Opinion: That sallah celebration in economic recession

by Shittu Yunus Shittu
Before the recent Islamic celebration of Eid-Kabir, many Muslims were quite apprehensive on how they could celebrate the occasion in view of the economic recession in the country. The situation was so alarming that some Islamic scholars had to intervene with consoling sermons and preaching on economic management in critical period.
An Islamic Scholar, Imam Abdulhameed Shuaib Agaka declared that the sacrificial Ram for Sallah is not obligatory or compulsory in Islam. He said: “Considering the current economic situation, Muslims should prioritize their need and ensure they provide basic necessities for the family, especially accommodation, feeding, medication, education and mobility. It is after meeting the basic essentials that surplus income could be utilise for Sallah ram and other celebrations.”
The warning by the scholars came at the time the National Bureau of Statistics (NBS) releases its report on Consumer Price Index (CPI) which measures inflation. The report shows that inflation has hit 17.6 percent in August compared to 17.1 percent recorded in the month of July 2016. According to the NBS, the major divisions responsible for accelerating the pace of the increase in the headline index were Housing, Water, Electricity, Gas and Other Fuel, Education and Transportation Services.
For instance, the Food Index rose by 16.4 percent (year-on-year) in August, up by 0.6 percent points from 15.8 percent recorded in July. During the month, all the major food groups contributed to the increase in the Food sub-index, however the pace of increase was slowed by Fruits, Potatoes, Yam and other Tubers as well as Oils and Fats, which reported slower increases during the month. Furthermore, imported foods as reflected by the Imported Food Sub-index increased by 0.2% points from July to 20.7% in August.
Many experts have raised issues about the inflationary trends in the economic recession. The President, Institute of Chartered Accountants of Nigeria, Mr. Titus Soetan, said that the current economic recession in the country would have been avoided if substantial savings had been made into the Excess Crude Account when the price of crude oil was high. Speaking in a media chat, Soetan said dwindling oil revenue and poor savings culture by past government administrations contributed significantly to the current recession. Given the huge revenue gap created by the dwindling oil revenue, the ICAN president said that the economy would not have performed better regardless of the economic policies of the government. According to him, a minimum of $100bn in the ECA would have saved the country from recession.
In suggesting solutions to the economic crisis, an economist and Managing Director of Financial Derivatives Company Limited, Mr. Bismarck Rewane declared that for the federal government must borrow and sell assets to raise funds and must inject money into the economy. He said: “The government must inject funds into the system and the executive is fully engaged because they know they cannot hide, they have to deal with the problem.”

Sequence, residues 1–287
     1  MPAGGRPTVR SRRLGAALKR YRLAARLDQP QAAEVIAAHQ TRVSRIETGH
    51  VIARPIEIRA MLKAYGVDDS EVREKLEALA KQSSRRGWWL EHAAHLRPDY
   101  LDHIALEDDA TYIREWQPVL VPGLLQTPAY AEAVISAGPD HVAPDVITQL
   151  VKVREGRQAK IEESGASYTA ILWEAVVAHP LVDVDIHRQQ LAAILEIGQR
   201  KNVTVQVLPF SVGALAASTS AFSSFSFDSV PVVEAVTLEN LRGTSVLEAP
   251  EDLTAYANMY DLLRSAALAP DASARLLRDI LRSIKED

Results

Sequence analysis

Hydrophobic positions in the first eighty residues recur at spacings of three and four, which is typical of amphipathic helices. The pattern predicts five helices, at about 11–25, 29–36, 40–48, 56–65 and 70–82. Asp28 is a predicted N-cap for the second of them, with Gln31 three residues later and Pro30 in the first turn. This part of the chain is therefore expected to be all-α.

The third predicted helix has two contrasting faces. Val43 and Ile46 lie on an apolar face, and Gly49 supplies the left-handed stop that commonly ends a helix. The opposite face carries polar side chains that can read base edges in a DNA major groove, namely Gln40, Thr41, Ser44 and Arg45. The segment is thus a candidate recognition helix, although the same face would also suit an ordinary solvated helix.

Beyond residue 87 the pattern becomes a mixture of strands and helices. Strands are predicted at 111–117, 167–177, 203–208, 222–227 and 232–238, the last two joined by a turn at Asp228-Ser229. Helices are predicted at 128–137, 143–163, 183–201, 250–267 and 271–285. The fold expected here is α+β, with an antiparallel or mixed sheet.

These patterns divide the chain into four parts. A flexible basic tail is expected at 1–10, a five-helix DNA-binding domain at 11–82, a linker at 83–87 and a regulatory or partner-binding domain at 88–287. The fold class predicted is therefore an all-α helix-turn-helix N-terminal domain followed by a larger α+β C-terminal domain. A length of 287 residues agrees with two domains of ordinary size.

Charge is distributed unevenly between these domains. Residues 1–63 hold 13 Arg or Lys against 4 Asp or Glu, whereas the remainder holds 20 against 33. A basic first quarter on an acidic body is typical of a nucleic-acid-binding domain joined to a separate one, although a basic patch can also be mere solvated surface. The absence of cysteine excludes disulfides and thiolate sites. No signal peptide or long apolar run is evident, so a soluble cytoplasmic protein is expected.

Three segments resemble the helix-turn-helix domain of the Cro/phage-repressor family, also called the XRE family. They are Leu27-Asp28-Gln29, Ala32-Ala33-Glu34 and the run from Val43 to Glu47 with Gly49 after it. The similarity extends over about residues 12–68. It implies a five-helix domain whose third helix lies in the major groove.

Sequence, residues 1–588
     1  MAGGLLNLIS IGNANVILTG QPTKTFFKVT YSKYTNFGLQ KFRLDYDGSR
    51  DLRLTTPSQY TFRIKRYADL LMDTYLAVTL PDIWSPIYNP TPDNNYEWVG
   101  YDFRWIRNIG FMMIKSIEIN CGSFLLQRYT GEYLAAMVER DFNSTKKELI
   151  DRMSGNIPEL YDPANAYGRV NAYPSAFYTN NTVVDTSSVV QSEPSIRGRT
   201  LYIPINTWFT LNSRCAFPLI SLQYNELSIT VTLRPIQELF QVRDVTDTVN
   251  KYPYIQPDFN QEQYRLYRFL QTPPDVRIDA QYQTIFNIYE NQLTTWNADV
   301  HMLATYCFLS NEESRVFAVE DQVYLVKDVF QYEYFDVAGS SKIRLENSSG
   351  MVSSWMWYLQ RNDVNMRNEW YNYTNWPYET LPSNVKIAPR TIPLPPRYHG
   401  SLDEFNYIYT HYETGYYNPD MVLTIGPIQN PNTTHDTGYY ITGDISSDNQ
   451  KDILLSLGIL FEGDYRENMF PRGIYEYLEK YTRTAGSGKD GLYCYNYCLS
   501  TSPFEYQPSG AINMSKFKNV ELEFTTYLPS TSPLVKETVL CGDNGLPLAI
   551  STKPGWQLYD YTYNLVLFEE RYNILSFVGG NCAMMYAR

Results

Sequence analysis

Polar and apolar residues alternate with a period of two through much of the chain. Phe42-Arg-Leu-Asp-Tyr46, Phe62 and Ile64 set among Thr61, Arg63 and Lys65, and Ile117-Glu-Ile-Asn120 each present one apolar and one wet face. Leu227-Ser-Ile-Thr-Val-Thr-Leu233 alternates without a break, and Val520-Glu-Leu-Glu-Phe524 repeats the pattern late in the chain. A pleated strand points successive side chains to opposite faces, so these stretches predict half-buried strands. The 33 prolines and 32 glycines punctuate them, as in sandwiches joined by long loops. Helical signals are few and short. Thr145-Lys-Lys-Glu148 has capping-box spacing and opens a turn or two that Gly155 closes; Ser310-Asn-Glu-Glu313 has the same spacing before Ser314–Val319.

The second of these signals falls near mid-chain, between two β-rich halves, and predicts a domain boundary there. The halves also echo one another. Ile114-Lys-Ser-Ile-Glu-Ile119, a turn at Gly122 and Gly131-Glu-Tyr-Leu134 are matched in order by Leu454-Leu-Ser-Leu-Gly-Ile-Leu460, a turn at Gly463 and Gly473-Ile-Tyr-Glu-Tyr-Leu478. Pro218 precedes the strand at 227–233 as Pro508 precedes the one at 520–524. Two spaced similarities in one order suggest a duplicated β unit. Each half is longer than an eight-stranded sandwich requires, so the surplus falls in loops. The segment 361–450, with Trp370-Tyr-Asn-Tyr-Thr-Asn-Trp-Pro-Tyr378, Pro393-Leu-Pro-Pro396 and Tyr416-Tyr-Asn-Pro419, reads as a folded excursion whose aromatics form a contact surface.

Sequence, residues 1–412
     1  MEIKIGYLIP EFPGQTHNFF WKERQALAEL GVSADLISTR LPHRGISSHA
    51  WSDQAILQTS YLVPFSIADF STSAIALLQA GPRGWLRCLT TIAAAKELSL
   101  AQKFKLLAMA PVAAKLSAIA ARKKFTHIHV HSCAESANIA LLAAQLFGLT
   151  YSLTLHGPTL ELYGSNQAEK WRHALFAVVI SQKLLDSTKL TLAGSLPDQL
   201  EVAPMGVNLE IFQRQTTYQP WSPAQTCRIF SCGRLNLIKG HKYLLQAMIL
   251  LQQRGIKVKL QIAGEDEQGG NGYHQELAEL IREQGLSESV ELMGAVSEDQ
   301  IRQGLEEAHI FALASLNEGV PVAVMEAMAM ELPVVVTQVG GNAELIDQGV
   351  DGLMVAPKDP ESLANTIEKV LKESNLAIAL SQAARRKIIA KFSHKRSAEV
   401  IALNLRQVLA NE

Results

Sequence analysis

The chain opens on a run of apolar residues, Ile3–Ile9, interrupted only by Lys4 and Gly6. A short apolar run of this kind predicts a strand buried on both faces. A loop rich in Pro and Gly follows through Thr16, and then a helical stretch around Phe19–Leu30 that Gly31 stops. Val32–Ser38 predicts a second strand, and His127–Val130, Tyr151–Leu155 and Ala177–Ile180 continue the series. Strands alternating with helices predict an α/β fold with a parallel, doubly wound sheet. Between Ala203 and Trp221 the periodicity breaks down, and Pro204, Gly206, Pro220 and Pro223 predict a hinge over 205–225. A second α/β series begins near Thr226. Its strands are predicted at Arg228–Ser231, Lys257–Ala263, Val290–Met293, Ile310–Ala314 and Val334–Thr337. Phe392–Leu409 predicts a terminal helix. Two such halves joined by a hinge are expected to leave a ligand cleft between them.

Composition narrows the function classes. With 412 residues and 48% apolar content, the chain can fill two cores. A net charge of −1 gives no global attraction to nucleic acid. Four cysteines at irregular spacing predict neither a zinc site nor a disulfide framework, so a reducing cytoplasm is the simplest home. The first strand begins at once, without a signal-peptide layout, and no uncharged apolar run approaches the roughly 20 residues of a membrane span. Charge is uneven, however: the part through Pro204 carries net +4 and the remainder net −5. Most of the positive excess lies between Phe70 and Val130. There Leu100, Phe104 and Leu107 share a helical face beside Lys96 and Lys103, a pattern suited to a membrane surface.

In desperate search for a way out of the steady decline of the economy and its disturbing impact on Nigerians, the Federal Government is about to inject N350 billion into the system in order to stimulate economic activities. It is also in the process of obtaining $1 billion Eurobond which would be concluded before this year ends. This was disclosed by Finance Minister, Mrs. Kemi Adeosun while speaking with the media.
The government further stated that its pledged feeding programme, recruitment of 500.000 teachers and payment of N5000 to vulnerable citizens would commence this month.
The injection of funds into the economy is most delighting and refreshing news to rekindle the hope of Nigerians. The reality on the ground is that the country is facing unbearable condition and unwarranted hardship. In fact, many have hailed the injection of funds by government but demanded more measures in order to ameliorate the hardship across the land.
Despite the assurance of injecting more funds into the economy, the government should open its door to constructive criticism and hire or consult economic experts that have better ideas on how to address the crises. The earlier this is done the better for the country.
Op–ed pieces and contributions are the opinions of the writers only and do not represent the opinions of Y!/YNaija

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